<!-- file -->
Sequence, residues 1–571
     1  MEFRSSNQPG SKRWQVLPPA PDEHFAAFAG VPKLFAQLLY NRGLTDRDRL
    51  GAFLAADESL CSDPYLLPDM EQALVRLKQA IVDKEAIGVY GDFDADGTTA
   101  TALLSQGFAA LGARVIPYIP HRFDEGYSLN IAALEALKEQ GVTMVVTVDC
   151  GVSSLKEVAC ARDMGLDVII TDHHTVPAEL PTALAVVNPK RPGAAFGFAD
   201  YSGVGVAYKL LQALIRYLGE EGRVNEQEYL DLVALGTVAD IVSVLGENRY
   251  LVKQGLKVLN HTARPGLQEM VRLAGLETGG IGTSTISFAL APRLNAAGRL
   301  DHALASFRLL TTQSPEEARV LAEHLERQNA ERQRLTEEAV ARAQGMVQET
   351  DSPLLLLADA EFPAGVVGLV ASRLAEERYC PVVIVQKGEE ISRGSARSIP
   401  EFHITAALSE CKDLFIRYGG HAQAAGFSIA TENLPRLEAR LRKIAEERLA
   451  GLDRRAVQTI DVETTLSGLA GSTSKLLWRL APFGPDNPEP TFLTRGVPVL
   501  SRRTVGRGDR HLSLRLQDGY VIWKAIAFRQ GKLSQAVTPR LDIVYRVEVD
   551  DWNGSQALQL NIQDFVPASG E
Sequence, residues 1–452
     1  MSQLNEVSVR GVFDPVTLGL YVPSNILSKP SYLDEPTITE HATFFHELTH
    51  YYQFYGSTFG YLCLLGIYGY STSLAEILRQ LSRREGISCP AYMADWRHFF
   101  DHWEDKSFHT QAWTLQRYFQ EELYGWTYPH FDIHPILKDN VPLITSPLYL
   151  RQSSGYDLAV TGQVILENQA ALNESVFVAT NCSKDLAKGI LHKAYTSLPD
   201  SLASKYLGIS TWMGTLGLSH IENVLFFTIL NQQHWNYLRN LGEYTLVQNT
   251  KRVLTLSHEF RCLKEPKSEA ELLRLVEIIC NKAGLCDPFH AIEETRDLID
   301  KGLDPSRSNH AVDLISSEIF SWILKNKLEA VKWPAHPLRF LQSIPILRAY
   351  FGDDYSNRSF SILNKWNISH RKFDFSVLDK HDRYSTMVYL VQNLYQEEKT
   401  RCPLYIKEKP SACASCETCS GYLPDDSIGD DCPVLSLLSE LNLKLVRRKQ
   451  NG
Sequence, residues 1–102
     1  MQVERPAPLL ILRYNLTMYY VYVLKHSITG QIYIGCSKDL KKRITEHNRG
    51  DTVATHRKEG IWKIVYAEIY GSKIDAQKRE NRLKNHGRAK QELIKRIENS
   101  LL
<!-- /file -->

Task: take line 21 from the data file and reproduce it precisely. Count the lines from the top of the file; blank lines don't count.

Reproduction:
   301  KGLDPSRSNH AVDLISSEIF SWILKNKLEA VKWPAHPLRF LQSIPILRAY